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Auction PR Publicity Announcements News and Information

The Susan Kelner Freeman Collection of Bakelite Jewelry for Bonhams Auction

Collectors with a fondness for the stylish, fun and whimsical Bakelite jewelry of the 1930s are eagerly awaiting Bonhams New York’s December 16th sale of the Susan Kelner Freeman collection of the Bakelite jewelry.

Discovered in the early 1900s, bakelite was the first completely synthetic plastic thatcould be produced in almost any color and molded to any shape- leading to a revolution in jewelry making. From the 20s-40s it was the most attainable accessory for many women. Due to its accessible price point, it was particularly popular during the Great Depression as it gave women an inexpensive way to the augment their wardrobes.

In great contrast to bleak images of the Depression era, much of the Bakelite jewelry was produced for consumers of modest means and was brightly colored and molded in fanciful, over-the-top designs often with movable parts. However, manufacturers also produced heavily carved faux coral, ivory, amber, and tortoiseshell pieces for the rich as well.

The December auction will feature nearly 300 lots from the New York collection of Susan Kelner Freeman, who thoughtfully selected the collection over the span of 40 years. With estimates ranging from $100 to $3,000 this no reserve sale is an extraordinary opportunity for collectors.

Exceptionally attractive to Bakelite aficionados will be the large selection of reverse painted bangles included in the collection. A prime example of this technique is a clear bangle depicting marine life (pictured, right). Estimated at $400/600, the piece is decorated with delicate gold fish surrounding waving underwater vegetation, giving the appearance that the wearer is sporting a miniature aquarium.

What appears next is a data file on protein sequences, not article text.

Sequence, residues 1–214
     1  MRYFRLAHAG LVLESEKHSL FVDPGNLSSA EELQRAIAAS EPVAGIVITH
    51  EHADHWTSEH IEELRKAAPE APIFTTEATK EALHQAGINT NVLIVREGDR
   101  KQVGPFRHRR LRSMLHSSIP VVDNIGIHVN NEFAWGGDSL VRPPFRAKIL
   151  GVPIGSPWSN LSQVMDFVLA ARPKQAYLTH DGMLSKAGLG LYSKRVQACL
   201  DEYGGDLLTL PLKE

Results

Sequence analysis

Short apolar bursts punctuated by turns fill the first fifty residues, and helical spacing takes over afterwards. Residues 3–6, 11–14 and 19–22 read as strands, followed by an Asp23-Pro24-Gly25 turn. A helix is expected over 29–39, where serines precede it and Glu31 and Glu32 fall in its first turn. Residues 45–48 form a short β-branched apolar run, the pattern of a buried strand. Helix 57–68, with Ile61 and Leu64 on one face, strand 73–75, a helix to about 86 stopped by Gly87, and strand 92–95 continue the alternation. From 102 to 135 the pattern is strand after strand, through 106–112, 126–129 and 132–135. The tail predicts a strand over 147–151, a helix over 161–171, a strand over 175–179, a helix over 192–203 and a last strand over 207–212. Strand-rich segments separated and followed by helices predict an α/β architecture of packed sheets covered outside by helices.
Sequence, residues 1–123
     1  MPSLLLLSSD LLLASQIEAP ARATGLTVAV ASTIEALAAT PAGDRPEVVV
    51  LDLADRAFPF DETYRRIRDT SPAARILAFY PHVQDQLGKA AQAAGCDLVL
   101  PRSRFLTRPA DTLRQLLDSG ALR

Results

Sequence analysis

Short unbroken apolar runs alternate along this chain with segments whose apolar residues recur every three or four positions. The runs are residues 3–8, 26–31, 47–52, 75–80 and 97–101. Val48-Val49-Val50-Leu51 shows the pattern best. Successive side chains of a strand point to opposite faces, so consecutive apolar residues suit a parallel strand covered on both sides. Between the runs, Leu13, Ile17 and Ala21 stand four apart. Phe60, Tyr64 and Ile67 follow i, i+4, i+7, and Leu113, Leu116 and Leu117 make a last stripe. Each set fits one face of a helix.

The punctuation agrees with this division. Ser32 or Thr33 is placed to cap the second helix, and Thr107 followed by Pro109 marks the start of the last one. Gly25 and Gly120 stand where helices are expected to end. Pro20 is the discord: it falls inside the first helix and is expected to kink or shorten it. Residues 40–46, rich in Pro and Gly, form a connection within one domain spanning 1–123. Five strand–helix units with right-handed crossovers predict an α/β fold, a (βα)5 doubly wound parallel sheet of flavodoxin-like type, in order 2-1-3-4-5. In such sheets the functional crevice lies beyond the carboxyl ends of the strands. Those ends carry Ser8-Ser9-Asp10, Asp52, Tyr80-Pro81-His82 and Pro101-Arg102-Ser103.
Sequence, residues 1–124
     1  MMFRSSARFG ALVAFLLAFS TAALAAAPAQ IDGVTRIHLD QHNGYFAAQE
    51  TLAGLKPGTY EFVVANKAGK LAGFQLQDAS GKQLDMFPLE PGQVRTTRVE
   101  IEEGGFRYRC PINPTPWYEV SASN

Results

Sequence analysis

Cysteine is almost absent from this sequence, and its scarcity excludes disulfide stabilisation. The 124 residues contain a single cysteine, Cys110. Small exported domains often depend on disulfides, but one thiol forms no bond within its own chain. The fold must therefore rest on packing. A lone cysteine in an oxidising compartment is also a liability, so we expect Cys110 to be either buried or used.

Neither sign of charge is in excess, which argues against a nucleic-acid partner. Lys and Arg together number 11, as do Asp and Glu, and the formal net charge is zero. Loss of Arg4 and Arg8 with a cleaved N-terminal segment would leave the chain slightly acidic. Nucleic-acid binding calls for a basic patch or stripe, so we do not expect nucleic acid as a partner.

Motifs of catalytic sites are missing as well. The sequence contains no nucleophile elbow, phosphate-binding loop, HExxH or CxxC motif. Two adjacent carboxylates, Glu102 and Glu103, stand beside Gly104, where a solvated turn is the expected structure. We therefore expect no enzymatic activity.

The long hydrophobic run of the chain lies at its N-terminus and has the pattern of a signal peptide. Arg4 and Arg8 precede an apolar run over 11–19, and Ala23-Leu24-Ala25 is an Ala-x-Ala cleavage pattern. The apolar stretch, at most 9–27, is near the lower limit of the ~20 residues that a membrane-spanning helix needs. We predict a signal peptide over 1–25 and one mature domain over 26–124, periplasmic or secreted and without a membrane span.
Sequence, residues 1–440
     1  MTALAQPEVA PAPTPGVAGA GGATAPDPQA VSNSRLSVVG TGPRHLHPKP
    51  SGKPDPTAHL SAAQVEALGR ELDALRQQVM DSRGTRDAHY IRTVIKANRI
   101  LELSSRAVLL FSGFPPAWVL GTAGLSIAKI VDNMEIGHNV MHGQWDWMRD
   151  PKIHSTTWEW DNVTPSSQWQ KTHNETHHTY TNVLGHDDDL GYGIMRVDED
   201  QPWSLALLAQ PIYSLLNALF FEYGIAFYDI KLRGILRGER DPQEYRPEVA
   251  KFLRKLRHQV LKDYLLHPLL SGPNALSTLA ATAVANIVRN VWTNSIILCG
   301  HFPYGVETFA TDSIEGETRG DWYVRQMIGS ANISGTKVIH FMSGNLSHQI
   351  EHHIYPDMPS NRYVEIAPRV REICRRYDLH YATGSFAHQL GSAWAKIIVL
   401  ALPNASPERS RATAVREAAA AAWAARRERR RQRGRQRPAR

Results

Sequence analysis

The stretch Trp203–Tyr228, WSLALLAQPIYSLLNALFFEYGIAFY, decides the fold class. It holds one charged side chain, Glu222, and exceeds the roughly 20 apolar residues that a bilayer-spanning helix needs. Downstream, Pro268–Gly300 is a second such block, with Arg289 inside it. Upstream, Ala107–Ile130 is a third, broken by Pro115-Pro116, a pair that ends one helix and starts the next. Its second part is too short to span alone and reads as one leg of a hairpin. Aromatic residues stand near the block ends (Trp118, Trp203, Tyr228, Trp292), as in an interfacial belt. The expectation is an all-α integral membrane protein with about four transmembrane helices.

Another striking example of Bakelite style is a chic ‘berry’ cluster necklace (pictured at top). Made up of several, brightly colored ‘berries’ throughout the necklace and terminating in a riotous cluster at the center, the cheerful piece is estimated at $200/400.

Considered quintessentially “Bakelite”, are those pieces created in themes such as sports, patriotic, or even smoking. Representative of these styles are a necklace resembling a full collar made up of matchsticks, with colorful tips attributed to Martha Sleeper (est. $2,000/3,000) [pictured, left]; a patriotic bracelet featuring dangling stars and stripes (est. $600/800); and tennis player brooch (est. $200/300).

Also not to be overlooked is the large group of brooches being offered. Depicting everything from soldiers to polar bears, some great examples include a hand-painted cowboy twirling a lasso (est. $300/500); the “MacArthur Heart” brooch (est. $300/500); and a penguin with a swinging arm (pictured, right), which carries an estimate of $300/500.

The sale will be on view at the Los Angeles galleries from December 4-6. It will be on view at the New York galleries from December 12th until the sale, which will take place on December 16th at the Madison Avenue galleries at 1PM EST. The illustrated auction catalog for the sale will be online at in the weeks preceding the preview and auction. For more information about the department, please visit